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Music Production: Tips for an Effective Daily Routine

I struggled with this for a long time, and honestly it still changes all the time. But I’ve found little bits and pieces that seem to work pretty good, so I’ll try and point out some of the common pitfalls I experienced.

First of all, everyone is different. Everyone works a little bit differently and need different stimuli to get them motivated. If you’ve read some of my previous articles, you’ll know I’m a big proponent of the MBTI and the theories of cognitive functions. I highly suggest you do a deep dive on how they work and learn a little more about yourself and how other people like you work (and stay productive) before continuing.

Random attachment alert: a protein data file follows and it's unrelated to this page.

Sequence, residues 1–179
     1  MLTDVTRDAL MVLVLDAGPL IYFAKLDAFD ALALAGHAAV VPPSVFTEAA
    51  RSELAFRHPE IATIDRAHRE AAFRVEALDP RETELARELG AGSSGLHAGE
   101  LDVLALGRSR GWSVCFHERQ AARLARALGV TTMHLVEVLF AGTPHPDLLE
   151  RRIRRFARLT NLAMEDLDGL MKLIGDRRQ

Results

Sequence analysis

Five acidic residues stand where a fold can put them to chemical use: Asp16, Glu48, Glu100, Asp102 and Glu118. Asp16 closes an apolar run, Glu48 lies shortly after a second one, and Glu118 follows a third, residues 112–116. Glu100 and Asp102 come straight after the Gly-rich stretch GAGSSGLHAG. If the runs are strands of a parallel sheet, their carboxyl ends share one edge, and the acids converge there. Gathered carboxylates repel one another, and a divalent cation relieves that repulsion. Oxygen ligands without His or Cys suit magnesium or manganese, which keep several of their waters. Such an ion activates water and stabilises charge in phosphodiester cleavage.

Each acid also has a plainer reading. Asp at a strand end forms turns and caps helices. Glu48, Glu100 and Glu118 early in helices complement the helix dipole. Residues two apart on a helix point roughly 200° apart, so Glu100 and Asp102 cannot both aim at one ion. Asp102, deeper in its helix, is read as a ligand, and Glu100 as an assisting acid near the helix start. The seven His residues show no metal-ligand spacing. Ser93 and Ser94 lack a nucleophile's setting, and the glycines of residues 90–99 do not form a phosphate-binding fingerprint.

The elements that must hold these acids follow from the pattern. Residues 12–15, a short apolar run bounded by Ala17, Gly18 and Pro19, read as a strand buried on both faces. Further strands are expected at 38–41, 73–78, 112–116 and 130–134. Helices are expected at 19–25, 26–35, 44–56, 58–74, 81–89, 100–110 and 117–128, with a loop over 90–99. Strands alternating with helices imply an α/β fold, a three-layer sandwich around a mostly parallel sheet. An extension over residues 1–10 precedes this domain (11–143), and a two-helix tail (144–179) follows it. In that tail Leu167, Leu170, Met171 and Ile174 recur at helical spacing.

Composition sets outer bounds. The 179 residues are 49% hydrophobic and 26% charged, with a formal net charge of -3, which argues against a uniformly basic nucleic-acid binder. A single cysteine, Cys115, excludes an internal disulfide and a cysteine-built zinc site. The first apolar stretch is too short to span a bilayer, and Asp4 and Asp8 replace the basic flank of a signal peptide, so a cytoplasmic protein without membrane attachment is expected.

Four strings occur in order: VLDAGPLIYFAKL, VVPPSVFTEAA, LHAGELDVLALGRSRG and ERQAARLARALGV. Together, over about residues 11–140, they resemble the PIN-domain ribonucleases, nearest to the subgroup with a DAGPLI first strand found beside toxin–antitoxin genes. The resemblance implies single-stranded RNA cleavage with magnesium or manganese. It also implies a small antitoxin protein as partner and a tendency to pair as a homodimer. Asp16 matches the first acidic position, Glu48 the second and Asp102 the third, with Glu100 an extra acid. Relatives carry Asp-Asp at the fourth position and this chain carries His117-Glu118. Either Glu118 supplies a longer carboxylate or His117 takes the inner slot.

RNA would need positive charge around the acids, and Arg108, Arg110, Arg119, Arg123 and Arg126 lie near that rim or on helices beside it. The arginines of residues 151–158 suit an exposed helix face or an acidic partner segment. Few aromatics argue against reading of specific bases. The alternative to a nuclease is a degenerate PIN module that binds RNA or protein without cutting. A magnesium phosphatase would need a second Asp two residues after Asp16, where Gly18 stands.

There are a few bits of advice I’ll start with, because I think they apply to everyone. They’re really more “healthy lifestyle” kinds of choices that everyone should try to live by, but try each one and see if it makes a noticeable difference.

turn off phone

This is going to sound weird, but one of the biggest pieces of advice I can give you is to stay away from your phone for the first hour or two of the day. I went through a phase where my first reaction in the morning was to start scrolling through Facebook. I noticed that my energy and motivation seemed to be lower for the rest of the day, so I started doing some research. Long story short, there are some brain chemical things going on as soon as you start checking your phone, and starting your day with those kinds of chemicals can kill your motivation and overall mood for the entire day. I keep my phone on Do Not Disturb mode for an extra hour or so after I wake up, and it makes a huge difference for me.